New Democratic congresswoman Ilhan Omar has apologised for tweets implying US lawmakers only support Israel because of lobby money.
She faced widespread condemnation for suggesting the American Israel Public Affairs Committee (Aipac) was buying influence for pro-Israel policies.
Republicans and Democrats alike said the tweets stoked anti-Semitic tropes about Jews and money.
The Minnesota lawmaker has previously been accused of anti-Semitism.
Ms Omar released a statement "unequivocally" apologising for her tweets on Monday, following an apparent conversation with Speaker of the House of Representatives Nancy Pelosi about the row.
"Anti-Semitism is real and I am grateful for Jewish allies and colleagues who are educating me on the painful history of anti-Semitic tropes," Ms Omar said.
"We have to always be willing to step back and think through criticism, just as I expect people to hear me when others attack me for my identity."
Ms Omar added that she still believes lobbyists are "problematic" in US politics - "whether it be Aipac, the NRA or the fossil fuel industry".
Listening and learning, but standing strong 💪🏽 pic.twitter.com/7TSroSf8h1— Ilhan Omar (@IlhanMN) February 11, 2019
What was the controversy?
In response to a tweet on Sunday from a journalist questioning why US political leaders always defend Israel, Ms Omar used a slang term for $100 bills, writing: "it's all about the Benjamins baby."
It's all about the Benjamins baby 🎶 https://t.co/KatcXJnZLV— Ilhan Omar (@IlhanMN) February 10, 2019
When challenged where she thought such money was coming from, the 36-year-old Somali-American tweeted back: "Aipac."
Aipac spends millions of dollars a year lobbying lawmakers and the US federal government to adopt pro-Israel policies, according to campaign-finance monitors.
Aipac's website says it offers a congressional club membership that requires "political contributions in a clearly pro-Israel context to candidates".
However, it is one of countless special interest groups in Washington DC that advocate on issues covering everything from abortion to gun control, unions, energy, defence, healthcare and beyond.
In response to Ms Omar, Aipac tweeted: "Our bipartisan efforts are reflective of American values and interests."
We are proud that we are engaged in the democratic process to strengthen the US-Israel relationship. Our bipartisan efforts are reflective of American values and interests. We will not be deterred in any way by ill-informed and illegitimate attacks on this important work.— AIPAC (@AIPAC) February 11, 2019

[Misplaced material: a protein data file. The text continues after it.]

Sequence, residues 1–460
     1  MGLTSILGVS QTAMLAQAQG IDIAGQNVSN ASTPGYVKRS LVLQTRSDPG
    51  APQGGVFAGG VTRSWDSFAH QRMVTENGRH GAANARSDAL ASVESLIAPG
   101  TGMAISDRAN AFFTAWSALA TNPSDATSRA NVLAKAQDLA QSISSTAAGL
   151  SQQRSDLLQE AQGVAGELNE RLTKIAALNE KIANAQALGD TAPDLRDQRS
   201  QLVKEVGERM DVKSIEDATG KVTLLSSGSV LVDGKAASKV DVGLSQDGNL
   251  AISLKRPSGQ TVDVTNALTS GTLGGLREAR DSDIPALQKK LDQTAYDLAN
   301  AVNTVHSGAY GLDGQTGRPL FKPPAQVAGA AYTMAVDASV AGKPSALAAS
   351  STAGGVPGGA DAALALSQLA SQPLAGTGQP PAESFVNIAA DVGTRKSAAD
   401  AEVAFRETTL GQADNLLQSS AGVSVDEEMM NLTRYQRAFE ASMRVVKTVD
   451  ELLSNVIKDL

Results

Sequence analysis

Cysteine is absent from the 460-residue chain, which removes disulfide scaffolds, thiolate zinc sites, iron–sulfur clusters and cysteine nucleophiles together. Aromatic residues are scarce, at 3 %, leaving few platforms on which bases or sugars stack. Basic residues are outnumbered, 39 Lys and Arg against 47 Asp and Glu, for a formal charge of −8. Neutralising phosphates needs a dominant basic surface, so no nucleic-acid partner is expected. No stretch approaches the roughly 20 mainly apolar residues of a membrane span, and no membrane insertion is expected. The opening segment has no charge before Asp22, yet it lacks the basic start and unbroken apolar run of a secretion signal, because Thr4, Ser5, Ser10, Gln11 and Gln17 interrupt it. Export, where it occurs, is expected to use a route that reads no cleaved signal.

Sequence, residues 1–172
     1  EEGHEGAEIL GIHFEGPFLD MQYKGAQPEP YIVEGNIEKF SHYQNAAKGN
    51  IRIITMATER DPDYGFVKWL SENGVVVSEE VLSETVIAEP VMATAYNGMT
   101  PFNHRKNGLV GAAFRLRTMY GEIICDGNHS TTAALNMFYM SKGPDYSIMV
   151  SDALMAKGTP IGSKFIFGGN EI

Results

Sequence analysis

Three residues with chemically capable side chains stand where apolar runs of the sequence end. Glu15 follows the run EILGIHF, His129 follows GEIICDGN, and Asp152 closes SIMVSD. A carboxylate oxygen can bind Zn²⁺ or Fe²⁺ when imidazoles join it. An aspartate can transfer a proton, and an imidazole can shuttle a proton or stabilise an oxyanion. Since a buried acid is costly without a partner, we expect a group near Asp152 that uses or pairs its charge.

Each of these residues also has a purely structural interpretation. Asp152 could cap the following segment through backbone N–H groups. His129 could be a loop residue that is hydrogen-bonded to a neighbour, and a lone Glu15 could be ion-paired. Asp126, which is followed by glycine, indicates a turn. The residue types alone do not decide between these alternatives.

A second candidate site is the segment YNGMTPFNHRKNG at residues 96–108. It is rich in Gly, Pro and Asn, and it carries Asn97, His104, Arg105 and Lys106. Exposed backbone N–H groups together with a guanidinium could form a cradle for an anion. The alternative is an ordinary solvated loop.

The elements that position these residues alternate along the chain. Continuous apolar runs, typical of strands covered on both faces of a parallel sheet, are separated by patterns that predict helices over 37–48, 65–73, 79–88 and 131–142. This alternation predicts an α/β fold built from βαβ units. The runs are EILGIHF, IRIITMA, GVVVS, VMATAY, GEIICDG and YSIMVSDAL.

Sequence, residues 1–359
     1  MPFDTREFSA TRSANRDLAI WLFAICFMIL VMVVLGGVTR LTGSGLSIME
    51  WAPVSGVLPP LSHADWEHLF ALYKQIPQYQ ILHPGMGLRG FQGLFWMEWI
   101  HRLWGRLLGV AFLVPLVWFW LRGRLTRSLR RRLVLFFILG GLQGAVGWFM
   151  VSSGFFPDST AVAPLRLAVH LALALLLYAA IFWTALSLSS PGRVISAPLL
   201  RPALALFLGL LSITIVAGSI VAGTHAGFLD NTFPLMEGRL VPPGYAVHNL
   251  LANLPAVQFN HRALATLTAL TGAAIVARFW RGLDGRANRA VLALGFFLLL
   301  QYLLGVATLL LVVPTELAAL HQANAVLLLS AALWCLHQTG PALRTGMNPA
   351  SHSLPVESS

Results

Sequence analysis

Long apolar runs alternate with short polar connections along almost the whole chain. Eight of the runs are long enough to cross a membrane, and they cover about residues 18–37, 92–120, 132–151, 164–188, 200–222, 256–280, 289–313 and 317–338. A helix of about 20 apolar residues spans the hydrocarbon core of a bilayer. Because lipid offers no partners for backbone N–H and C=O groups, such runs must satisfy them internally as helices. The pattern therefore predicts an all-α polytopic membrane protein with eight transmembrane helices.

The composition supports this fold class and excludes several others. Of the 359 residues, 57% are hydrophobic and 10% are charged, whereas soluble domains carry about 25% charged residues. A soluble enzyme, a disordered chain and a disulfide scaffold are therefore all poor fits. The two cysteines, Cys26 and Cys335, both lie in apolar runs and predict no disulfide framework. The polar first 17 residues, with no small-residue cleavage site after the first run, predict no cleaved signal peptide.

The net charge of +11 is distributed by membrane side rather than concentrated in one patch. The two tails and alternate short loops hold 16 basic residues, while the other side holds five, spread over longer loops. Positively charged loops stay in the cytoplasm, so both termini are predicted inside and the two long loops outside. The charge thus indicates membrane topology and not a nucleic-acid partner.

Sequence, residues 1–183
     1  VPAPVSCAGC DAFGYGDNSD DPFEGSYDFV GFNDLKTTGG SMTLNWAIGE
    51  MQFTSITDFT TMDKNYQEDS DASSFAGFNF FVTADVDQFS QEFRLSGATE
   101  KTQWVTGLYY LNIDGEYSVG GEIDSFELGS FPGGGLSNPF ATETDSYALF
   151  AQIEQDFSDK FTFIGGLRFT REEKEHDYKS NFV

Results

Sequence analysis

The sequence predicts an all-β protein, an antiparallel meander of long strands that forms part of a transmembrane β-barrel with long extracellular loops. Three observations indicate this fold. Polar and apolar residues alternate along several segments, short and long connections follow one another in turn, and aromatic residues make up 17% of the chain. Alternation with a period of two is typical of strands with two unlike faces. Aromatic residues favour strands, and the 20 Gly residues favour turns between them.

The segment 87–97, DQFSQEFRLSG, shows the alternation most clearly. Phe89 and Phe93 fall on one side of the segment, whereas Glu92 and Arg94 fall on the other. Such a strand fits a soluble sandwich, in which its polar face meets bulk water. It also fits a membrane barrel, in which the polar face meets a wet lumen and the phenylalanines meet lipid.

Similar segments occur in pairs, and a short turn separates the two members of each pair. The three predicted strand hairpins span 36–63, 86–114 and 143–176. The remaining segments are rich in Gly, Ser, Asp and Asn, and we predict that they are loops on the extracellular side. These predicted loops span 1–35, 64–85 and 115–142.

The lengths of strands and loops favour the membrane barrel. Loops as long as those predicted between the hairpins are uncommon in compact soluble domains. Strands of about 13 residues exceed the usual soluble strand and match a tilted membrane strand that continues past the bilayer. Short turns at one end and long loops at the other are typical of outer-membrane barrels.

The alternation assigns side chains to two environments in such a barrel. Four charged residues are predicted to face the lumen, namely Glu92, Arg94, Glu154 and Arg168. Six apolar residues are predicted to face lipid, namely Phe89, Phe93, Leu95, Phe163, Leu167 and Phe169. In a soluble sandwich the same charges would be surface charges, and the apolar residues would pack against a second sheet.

What's the context?
Ms Omar - who in November became one of the first two Muslim women elected to Congress - has been criticised before for criticisms of Israel.
She has come under fire for supporting the Boycott, Divestment and Sanctions movement (BDS), which seeks to isolate Israel economically to force it to change its policies towards the Palestinians.
Last month, Ms Omar apologised for saying Israel had "hypnotised" the world - a term once used by Nazis.
She said she had not been aware of the historical context.
What's the reaction?
Republicans have criticised Ms Omar over her latest controversy, but the backlash was just as intense from congressional members of her own party.
House of Representatives Speaker Nancy Pelosi and other Democratic leaders released a statement on Monday condemning the tweets and calling on Ms Omar to "immediately apologise for these hurtful comments".
"Legitimate criticism of Israel's policies is protected by the values of free speech and democratic debate that the United States and Israel share.
"But Congresswoman Omar's use of anti-Semitic tropes and prejudicial accusations about Israel's supporters is deeply offensive."
The statement was also signed by Majority Leader Steny Hoyer, Democratic Caucus Chair Hakeem Jeffries and vice-chair Katherine Clark, Majority Whip James Clyburn, and Assistant House Speaker Ben Ray Lujan.
Mrs Pelosi also indicated she had spoken with Ms Omar about the controversy.
Max Rose, a New York Democrat, called Ms Omar's remarks "deeply hurtful".
Congresswoman Omar’s statements are deeply hurtful to Jews, including myself. pic.twitter.com/u3f2JHESFA— Max Rose (@MaxRose4NY) February 11, 2019
House Judiciary chairman Jerry Nadler, also of New York, said Ms Omar's choice of words was "deeply disappointing and disturbing".
Elaine Luria of Virginia and Josh Gottheimer of New Jersey on Monday published a letter urging House leaders to "unite against anti-Semitism and hateful tropes and stereotypes".
The letter did not name Ms Omar, but said top Democrats must confront lawmakers who make "reckless statements".
Chelsea Clinton, daughter of former President Bill Clinton and former Secretary of State Hillary Clinton, tweeted: "We should expect all elected officials, regardless of party, and all public figures to not traffic in anti-Semitism."
Ms Omar later responded to Ms Clinton by saying she would be "happy to talk", adding "we must call out smears from the [Republican party] and their allies".
👋🏽 Chelsea - I would be happy to talk. We must call out smears from the GOP and their allies. And I believe we can do that without criticizing people for their faith.— Ilhan Omar (@IlhanMN) February 11, 2019
I look forward to building an inclusive movement for justice with you. 💪🏽 https://t.co/EGA9NQfBCi
House Republican leader Kevin McCarthy was quick to call for action against Ms Omar.
Anti-Semitic tropes have no place in the halls of Congress. It is dangerous for Democrat leadership to stay silent on this reckless language.— Kevin McCarthy (@GOPLeader) February 11, 2019
Mr McCarthy himself faced condemnation last year for a now-deleted tweet that suggested billionaire Jewish donors were attempting to "buy" the mid-term elections.